Trout lily, Ashuelot River Park, Keene, NH

I had to walk a long way down the Ashuelot River to find a solitary stand of trout lilies, also known as fawn lilies or dogtooth violets (Erythronium americanum). This time of year in Ohio, the woods would be blanketed with trout lilies, spring beauties, anemones, toothwort, bloodroot… Instead, here in New Hampshire, the ground is bare and still semi-dormant, forcing amateur botanists like me to solace ourselves with cultivated flowers and year-round greenery such as ground pine.

Once again Fred from Fragments from Floyd has endeared himself to me with his plant-obsessed pictures, this time of horsetails. Earlier this week I’d mentioned finding some mysterious pink stems that I thought were horsetails, but I was stumped because the stems were pink, not green. In time I remembered that horsetails (genus Equisetum) have separate reproductive and vegetative stems. Here’s a paragraph from my yellowed, oft-thumbed copy of the Nature Interpretation Handbook, the bible of my high school volunteer naturalist days, published by what was then called the Metropolitan Park District of Columbus & Franklin County:

    The brown or pink fertile stems are one of the first signs of spring, growing rapidly on the bare ground to a height of 6 to 12 inches. Each of the joints on a given stem is sheathed in a whorl of black or brown, pointed, scalelike leaves that lie flat against it. At the tip of the fruiting stem is a conelike strobilus packed with sporangiosphores–small, umbrella-like structures which open when ripe to release the spores. The spores are unique in that they have appendages like spider legs which coil and uncoil rapidly with changes in humidity, thereby probably helping to release them from their cases.

Interesting, no? Are you getting hot yet? Turns out those pink, erect, 6 – 12 inch stems are sex organs. No wonder that none other than phallo-obsessed Walt Whitman liked to celebrate spring by going to “the bank by the wood” (the place where horsetails grow) and becoming “undisguised and naked,” exclaiming with his typical poetic exuberance, “I am mad for it to be in contact with me.”

If plant-porn turns your crank, you might be a BoZo. Now, before you go thinking that them’s fighting words, let me explain. “BoZo” is short for “Botany & Zoology.” When I was a high school student thinking of attending the Ohio State University, “BoZo” was the nickname for people like me who wanted to major in science. I ended up not going to OSU; I ended up majoring in English, not either botany or zoology. But come spring, I’m BoZo to the bone.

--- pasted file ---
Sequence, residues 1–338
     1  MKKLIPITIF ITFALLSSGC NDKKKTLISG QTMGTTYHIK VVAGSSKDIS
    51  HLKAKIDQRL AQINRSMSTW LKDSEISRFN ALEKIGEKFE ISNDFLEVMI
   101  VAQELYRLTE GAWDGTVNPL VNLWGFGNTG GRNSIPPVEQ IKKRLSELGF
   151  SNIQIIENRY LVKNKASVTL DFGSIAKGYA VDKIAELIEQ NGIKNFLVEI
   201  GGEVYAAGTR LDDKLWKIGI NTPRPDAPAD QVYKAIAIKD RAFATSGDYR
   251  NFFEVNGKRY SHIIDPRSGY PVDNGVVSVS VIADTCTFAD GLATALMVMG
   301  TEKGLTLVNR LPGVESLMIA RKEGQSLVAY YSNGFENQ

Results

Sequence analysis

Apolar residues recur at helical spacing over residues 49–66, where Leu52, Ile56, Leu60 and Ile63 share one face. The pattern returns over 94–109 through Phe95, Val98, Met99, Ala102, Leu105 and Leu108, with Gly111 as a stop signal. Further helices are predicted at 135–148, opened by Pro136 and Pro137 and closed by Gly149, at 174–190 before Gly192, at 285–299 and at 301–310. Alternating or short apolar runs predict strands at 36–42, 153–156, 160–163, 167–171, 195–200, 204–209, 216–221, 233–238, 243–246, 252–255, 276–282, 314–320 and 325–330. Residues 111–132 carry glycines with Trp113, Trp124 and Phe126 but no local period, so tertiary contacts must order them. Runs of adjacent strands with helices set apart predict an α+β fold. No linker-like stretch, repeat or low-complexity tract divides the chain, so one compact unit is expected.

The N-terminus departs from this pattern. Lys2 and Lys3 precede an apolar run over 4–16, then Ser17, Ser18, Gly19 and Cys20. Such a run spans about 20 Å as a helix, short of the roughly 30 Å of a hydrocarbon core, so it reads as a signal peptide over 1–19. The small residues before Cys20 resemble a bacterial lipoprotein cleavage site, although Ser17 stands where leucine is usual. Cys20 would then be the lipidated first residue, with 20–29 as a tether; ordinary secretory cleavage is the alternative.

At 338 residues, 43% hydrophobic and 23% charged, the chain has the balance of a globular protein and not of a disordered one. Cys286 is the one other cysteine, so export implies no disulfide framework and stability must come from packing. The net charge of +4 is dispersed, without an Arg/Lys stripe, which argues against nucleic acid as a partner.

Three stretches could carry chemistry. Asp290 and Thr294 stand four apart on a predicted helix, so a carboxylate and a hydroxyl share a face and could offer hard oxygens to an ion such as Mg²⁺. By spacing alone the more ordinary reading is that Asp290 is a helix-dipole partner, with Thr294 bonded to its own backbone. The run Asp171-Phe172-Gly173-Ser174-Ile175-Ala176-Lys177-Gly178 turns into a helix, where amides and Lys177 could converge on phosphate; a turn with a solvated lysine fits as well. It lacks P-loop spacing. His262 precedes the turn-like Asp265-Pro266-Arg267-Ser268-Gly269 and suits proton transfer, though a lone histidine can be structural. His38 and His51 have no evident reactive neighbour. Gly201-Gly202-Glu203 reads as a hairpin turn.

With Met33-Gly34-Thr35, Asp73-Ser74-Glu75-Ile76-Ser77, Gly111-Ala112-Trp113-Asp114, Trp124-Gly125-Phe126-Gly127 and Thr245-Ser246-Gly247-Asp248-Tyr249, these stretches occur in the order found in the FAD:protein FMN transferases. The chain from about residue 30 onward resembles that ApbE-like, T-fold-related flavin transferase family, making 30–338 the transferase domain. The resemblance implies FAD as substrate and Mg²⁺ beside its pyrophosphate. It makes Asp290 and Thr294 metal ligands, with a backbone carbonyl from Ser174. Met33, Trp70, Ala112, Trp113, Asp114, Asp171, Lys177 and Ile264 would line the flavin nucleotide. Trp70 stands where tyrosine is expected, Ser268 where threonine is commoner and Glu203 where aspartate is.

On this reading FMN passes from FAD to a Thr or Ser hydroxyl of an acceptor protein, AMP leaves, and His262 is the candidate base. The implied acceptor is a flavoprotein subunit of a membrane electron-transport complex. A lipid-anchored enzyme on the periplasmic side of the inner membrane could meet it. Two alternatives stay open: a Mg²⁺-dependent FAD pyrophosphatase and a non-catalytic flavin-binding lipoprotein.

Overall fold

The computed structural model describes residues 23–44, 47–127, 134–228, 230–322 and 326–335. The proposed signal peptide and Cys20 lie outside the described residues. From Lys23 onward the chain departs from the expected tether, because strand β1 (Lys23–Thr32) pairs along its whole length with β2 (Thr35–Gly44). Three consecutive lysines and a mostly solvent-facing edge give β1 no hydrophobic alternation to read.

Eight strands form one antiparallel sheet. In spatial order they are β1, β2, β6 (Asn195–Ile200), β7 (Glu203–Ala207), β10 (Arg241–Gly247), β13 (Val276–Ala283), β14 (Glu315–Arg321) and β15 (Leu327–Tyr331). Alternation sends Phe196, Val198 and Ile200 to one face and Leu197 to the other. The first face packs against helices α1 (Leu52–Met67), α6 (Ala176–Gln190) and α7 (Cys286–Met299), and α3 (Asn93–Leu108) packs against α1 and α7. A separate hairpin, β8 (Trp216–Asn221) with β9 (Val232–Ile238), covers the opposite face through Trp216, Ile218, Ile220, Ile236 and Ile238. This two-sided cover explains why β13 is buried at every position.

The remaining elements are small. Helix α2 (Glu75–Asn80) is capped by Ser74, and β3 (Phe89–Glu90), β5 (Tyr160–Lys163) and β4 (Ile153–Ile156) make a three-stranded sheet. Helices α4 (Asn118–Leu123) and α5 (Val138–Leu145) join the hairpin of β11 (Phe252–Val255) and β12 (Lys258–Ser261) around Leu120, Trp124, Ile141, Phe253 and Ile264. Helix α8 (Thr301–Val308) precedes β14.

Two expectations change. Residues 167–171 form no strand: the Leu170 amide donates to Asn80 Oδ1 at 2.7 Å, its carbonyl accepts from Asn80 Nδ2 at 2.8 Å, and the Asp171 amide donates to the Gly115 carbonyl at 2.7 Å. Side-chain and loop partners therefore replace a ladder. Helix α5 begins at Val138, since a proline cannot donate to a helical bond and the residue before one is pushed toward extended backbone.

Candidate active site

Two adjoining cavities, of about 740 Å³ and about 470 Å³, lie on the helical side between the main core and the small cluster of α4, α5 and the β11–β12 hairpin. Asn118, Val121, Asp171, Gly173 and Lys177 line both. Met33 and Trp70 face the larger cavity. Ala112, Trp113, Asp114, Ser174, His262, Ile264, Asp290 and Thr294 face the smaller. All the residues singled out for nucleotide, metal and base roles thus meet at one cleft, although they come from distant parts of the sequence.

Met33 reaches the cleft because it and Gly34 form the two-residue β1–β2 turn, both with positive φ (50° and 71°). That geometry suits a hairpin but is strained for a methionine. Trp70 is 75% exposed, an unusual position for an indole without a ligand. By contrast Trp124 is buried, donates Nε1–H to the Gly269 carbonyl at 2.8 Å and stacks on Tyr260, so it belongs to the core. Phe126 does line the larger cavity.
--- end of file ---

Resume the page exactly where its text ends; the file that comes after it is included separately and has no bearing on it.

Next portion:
Although most folks yawn and go glassy-eyed when the likes of me start talking plants, botany is actually a racy science. After all, when you study flowers, you essentially are studying reproductive organs, which might make you think twice before you stick your nose in a lily and inhale deeply. Mycologists (scientists who study fungi) have it even worse since the only parts that a mushroom or other fungus sticks above ground are its sex organs: yep, when you slurp down a double-mushroom pizza, you’re really eating…. In one of his journals, Henry Thoreau sketched a healthy-sized stinkhorn mushroom then noted with wry bemusement how much it resembled a certain manly appendage. Well, Henry darling, you’re right about that: it looks like one because in practical terms it is one. Although the precise mechanics of fungal and mammalian reproduction differ, the end result is the same: it’s all about getting it on. Scientists don’t call stinkhorns Phallus impudicus for nothing.

Dandelions, Keene, NH

Ironically, botany was traditionally the one science that Victorian-era women were encouraged to pursue, albeit as amateurs. The practice of walking in the woods to sketch and collect flowers was seen as a lady-like and ennobling exercise; learning plant names was something that genteel mothers could then pass along to their children, both male and female. At the same time, the Victorians acknowledged the potentially sexy nature of wildflower study in that “going botanizing” was a polite term for dating: a young man could without impunity ask any blushing maid to go a-botanizing, and all would recognize that as a chaste opportunity for the young couple to get outside, enjoy nature, and spent quiet time talking amongst the posies.

So Fred, next time you’re in my neck of the woods, I’ll gladly go botanizing with you. Tell Ann not to worry, though: we’ll be thoroughly Victorian in our plant-pursuits, as chaste as, well, amoebae. If I’d gone into science, I would have had to have taught classes with names like Plant Sex 101 or Sex and the Unicellular Creature. Guess I’ve earned that name BoZo after all.